One of the last independent family-owned champagne houses, Duval-Leroy keeps tradition alive with vintage and non-vintage cuvee but has also adapted to the modern market with its line of organic and bio-dynamically produced wines.
Chez Caroll Duval-Leroy, Champagne,...
Hôtel de la Gare, Le Noirmont, Switzerland

Le Noirmont is a small pastoral village in the district of Franches-Montagnes in the canton Jura in Switzerland. Formerly known by its German name Schwarzenberg, Noirmant was first used in 1454. The Franches-Montagnes district is located on a high plateau, stretching to the Doubs River. In the heart of Le Noirmont is the elegant hotel and restaurant, Hotel de la Gare owned and operated by master chef Georges Wenger and wife Andréa.      
Andréa and George Wenger have transformed the Hotel de la Gare into a gastronomical paradise and magical spot. Chef Georges Wengerâs search for culinary simplicity has no equal apart from the feast he offers to the papillae of people who love food. Dishes such as his delicious stuffed onion with larded liver, just carved into a big dice and hardly held, is enough to entice the imagination. Here is a very exceptional cook, out of norms, giving us a quite modern perspective to foodâlight, savoury, inspired from tradition and the products of Jura. He is a specialist allying the knowledge of wines and the harmony of the table service, a chef who promotes teamwork within his brigade. 
In the hotelâs restaurant La Taverne, Chef Wenger creates symphony with colors and flavors using only the freshest and finest market produce, serving traditional Swiss and French haute cuisine. Other specialties and must-try in the menu La Taverne include the Tarte tatin de navets au fois gras and the Poulette de Houdan en daubiere a l'echalote et laurier. Aside from the restaurant is a bar that carries a substantial list of wines and spirits.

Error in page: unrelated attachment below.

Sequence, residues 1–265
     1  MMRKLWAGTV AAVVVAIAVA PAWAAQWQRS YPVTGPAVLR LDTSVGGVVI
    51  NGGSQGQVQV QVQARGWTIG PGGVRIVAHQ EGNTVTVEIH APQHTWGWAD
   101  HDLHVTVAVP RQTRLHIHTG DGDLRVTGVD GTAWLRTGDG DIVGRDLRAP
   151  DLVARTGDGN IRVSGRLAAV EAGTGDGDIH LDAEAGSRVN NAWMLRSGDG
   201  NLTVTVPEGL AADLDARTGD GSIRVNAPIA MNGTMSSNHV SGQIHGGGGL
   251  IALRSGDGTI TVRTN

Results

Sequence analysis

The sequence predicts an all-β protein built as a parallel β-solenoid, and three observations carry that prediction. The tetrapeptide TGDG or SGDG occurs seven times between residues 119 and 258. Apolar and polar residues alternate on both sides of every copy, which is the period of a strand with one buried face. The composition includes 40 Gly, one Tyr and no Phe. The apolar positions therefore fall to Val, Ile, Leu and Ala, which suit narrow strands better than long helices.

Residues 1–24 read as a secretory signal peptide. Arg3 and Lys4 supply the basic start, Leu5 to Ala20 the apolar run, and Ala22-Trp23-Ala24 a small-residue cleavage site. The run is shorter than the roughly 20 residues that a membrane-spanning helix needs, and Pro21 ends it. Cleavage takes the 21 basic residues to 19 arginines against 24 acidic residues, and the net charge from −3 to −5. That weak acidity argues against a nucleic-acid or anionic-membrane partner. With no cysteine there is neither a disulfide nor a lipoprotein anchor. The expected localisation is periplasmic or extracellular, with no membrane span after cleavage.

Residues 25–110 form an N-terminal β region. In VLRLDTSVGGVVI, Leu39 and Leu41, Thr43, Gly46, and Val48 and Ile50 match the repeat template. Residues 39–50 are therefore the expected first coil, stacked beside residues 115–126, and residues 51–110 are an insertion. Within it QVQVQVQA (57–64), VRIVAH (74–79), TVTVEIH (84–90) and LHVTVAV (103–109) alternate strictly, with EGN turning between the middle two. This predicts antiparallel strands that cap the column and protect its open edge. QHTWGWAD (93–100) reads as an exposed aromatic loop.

As with the food and wine, the sun-filled guest rooms are also harmoniously decorated and provide a cozy atmosphere and inviting ambiance. The rooms feature a mini bar, cable TV, seating area, modern bathroom with hairdryer, and lush fabrics.
Hôtel de la Gare, Le Noirmont,...
La Provence, France

The cuisine of Provence resembles Italian, Greek and Mediterranean cooking more than traditional French fare. Seafood, fresh vegetables, herbs and fruits are often prepared simply and there is great emphasis on local, fresh and high quality ingredients. The dry Mediterranean climate makes it ideal for grazing sheep and goats, and near the coast, there is an abundance or fresh fish and seafood.  
The basic ingredients used in Provencal cuisine include olive oil, garlic, and tomatoes, which are generously used in almost every dish. Other common ingredients include olives, sardines, sear urchins, rockfish, octopus, rouget fish, loup fish, tuna, sea bass, anchovies, red snapper, red mullet, monkfish, shrimp, crab, mussels, scallops, oysters, goat, lamb, eggplant, bell peppers, onions, potatoes, fennel, lettuce, carrots, mushrooms, zucchini (courgettes), cabbage, asparagus, and artichokes. 
Vegetables are often used for making soups, baked, or grilled, flavored with herbs, and drizzled with lots of olive oil. They are also often eaten raw in salads. Fruit is eaten as a dessert or snack. Local fruits include strawberries, cherries, apricots, peaches, grapes, apples, oranges, lemons, dates, figs, and melons of Cavaillon. 
Fresh and dried herbs are used extensively in Provencal cooking and the most common are parsley, basil, thyme, sage, rosemary, savory, marjoram, and thyme. Other common seasonings include capers, aioli (garlic mayonnaise), rouille (chili and garlic mayonnaise) anchoiade (anchovy paste), saffron, tapenade, lemon juice, and wine vinegar.